There are a number of things that the customer does not think are required. However, they may be requirements which may affect the end user. Non functional requirements are usually the ones targeted to get the axe. On many occasions, the customer may emphasize that the core functionality be built first and then the peripheral qualities. However, these may negatively affect the entire application itself. For example, a banking system without proper security measures is bound to fail. Similarly, a system for which it is expected that hundreds of users interact and perform concurrent processes cannot be developed on a framework which is single threaded. Such systems may solve the functional challenges but will collapse.

Requirements gathering should not turn into design and implementation discussions. The customer must only discuss their requirements without delving into how they should be implemented. I have been affected by one such situation with a client. I had been given a view of how the end users currently work and expect certain data. I erroneously used that information and designed an application which would correspond to exactly that. Being careful to develop just a Minimum Viable Product (MVP), we still saw that the manner in which the "customer's customer" received the data was a daily report. I designed the system with the same information as an online system. The design flaw was revealed at runtime when a single query took over a minute to execute. This caused frustration to the end user.

I ended up designing a far more effective system in the end, however, this was a great learning experience. One must listen to what the customer's customer wants, needs and expects rather than being led into implementing how they want it served.

Sunday, June 5, 2016

The Clean Coder: A Code of Conduct for Professional Programmers

Martin, Robert C. (2011). The Clean Coder: A Code of Conduct for Professional Programmers. Old Tappan, NJ: Pearson Education Inc.

https://sites.google.com/site/unclebobconsultingllc/books
http://www.amazon.com/Clean-Coder-Conduct-Professional-Programmers/dp/0137081073/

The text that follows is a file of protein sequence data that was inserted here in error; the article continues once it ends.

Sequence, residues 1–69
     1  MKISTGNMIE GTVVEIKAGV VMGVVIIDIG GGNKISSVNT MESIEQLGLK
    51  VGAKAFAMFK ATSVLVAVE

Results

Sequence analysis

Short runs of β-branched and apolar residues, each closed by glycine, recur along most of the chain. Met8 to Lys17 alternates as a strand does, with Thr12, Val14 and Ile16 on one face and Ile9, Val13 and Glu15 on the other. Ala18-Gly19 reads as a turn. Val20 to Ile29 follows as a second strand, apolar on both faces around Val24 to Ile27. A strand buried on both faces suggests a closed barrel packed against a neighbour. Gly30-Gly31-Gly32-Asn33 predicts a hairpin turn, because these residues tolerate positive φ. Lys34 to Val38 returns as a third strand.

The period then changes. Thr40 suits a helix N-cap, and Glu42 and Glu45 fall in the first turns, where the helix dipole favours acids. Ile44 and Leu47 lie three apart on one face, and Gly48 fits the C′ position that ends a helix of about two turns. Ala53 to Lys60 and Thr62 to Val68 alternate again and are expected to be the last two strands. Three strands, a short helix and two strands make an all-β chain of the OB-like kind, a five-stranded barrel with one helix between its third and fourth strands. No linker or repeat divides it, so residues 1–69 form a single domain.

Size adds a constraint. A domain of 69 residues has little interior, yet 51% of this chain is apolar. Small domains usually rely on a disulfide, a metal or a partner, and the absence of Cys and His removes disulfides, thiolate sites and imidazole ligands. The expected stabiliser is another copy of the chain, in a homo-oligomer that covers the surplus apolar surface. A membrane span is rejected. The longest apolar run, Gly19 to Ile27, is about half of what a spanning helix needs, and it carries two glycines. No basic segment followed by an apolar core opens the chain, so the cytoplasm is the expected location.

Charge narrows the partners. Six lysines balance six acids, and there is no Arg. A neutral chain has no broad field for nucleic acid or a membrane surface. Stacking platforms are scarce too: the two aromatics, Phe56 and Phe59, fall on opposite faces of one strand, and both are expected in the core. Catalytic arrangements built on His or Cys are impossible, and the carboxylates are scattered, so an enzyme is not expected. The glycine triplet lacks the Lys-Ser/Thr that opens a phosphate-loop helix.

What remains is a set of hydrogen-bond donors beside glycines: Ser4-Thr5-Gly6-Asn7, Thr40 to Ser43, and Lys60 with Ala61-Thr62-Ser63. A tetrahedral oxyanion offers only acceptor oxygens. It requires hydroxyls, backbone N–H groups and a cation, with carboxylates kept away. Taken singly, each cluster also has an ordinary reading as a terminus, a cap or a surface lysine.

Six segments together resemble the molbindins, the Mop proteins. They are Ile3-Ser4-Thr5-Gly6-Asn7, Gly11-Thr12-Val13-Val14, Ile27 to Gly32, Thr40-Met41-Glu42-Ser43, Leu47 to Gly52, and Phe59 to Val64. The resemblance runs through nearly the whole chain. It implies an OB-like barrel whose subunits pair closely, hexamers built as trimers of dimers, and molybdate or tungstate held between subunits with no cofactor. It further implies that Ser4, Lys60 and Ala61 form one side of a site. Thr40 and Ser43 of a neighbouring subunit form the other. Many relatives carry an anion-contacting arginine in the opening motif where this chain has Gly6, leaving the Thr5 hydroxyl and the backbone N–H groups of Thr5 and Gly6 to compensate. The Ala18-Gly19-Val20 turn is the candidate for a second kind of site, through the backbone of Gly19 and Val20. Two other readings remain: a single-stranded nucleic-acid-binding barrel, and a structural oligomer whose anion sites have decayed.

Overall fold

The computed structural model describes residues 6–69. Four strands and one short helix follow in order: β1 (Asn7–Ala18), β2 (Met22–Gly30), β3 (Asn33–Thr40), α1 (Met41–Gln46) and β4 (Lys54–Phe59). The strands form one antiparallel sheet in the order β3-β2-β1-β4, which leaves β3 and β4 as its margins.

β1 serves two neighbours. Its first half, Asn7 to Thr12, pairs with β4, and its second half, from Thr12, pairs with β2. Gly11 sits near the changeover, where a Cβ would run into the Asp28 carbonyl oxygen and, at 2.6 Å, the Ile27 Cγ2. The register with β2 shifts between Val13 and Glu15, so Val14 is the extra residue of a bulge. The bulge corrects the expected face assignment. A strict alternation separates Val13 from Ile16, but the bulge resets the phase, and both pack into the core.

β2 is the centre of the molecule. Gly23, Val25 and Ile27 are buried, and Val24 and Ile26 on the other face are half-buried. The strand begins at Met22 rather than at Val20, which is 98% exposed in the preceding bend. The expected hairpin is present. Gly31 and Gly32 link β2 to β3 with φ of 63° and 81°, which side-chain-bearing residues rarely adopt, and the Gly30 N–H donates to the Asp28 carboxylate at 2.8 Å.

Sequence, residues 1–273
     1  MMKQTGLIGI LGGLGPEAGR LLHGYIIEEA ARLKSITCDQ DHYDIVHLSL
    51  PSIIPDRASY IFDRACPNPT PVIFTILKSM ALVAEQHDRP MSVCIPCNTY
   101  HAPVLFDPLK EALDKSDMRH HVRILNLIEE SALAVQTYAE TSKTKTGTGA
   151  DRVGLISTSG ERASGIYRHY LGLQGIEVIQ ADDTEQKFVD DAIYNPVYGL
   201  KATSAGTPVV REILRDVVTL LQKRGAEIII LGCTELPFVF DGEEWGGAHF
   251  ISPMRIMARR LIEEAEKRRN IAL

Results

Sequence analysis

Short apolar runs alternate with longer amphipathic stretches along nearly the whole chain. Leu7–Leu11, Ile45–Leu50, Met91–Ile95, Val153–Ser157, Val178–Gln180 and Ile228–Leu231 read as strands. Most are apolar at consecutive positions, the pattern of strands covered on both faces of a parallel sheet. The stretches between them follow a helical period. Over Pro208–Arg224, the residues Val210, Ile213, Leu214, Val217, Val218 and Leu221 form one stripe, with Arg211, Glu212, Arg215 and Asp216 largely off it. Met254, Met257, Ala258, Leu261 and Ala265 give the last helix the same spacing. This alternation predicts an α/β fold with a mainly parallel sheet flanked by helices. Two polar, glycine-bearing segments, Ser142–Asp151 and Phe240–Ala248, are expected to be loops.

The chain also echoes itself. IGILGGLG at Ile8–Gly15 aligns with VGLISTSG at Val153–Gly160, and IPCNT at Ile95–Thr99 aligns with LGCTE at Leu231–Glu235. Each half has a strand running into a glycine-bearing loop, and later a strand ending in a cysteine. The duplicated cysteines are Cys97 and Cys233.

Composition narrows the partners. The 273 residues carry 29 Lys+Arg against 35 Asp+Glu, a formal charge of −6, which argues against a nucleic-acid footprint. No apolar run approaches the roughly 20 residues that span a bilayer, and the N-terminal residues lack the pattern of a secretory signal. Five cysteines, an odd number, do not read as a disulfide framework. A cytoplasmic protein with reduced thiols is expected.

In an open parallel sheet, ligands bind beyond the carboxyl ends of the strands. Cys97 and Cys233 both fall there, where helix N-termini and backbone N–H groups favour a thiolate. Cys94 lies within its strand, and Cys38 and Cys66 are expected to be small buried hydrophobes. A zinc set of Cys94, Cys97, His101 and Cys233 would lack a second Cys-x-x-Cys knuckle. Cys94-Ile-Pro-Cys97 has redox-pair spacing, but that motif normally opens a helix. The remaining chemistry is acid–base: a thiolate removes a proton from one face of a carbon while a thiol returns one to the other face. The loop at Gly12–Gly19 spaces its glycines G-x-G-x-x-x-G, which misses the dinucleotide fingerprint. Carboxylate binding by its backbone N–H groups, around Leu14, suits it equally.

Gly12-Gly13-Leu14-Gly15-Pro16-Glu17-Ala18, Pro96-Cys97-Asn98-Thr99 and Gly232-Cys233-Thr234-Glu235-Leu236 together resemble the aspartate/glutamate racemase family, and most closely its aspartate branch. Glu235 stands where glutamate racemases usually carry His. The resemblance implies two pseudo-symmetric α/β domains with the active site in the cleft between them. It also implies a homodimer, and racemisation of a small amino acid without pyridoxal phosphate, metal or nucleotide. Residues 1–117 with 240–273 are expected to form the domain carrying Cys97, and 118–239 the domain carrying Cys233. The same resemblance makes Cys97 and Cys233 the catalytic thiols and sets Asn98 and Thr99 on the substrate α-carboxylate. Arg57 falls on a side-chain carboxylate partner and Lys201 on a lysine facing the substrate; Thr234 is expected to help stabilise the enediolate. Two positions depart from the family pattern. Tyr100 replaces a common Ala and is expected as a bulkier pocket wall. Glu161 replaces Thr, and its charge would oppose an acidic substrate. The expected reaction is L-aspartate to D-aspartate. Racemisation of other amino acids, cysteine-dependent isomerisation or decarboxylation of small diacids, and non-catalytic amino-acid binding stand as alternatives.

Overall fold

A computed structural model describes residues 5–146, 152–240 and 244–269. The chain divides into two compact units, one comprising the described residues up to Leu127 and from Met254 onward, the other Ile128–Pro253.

Introduction 

The book, "The Clean Coder", focuses on aspects of the working life of a programmer in the software industry. Robert C. Martin ("Uncle Bob"), through this book emphasizes on the various aspects in which a programmer can be and appear "professional". He explores, through his long experience as a programmer, the behavior of software developers and how they are perceived by other professionals in the industry.

This book can be described as a manual for the coming-of-age of a software development professional from a scruffy hacker who would be non-committal and tardy to a clean coder who asserts professionalism through her behavior and work. I have personally had an education in professional software development through the software engineering program for my masters. I have described in previous posts how software engineering is different from Computer Science. This book, although does not acknowledge that difference, emphasizes on the needs of the industry which closely match with the software engineering discipline.

Valuable Insights

The book visits various aspects of software development ranging from inter-personal conduct to self-improvement to growth as a professional coder. The following aspects stood out to me. 

Work Ethic

[Page 16 | Professionalism]

The first chapter of the book gets right down into the behavioral facets of a professional. An individual's career is their own responsibility. This requires them to maintain a work ethic which distances them from their employers in a way. One of the usually observed behavior traits from employees is when they feel entitled to certain perks from the employer regarding the career development of the employee.

The employer is not responsible for how the employee's career shapes up. The employer has and must have a professional business relationship with the employee. This means that the employee must demonstrate that the employer receives the services that they have agreed upon. The employer may have the employee undergo a training program or attend conferences on behalf of the company. This should not be looked at as a perk void any benefit to the employer. 

This leads to the programmer being committed to deliver the services promised to the company in the promised time. A part of this also means that the employee must not work beyond the commitment. This ensures that the work of the professional is valued.


Being a "Team Player"

[Page 30 | Saying No]

One of the key attributes of a professional, which probably is a cliché in job postings and resumés alike, is that of being a "team player". However, very few care to explain what the term really means. One tends to translate the phrase to being person who always agrees with the team or expresses agreement on behalf of the team.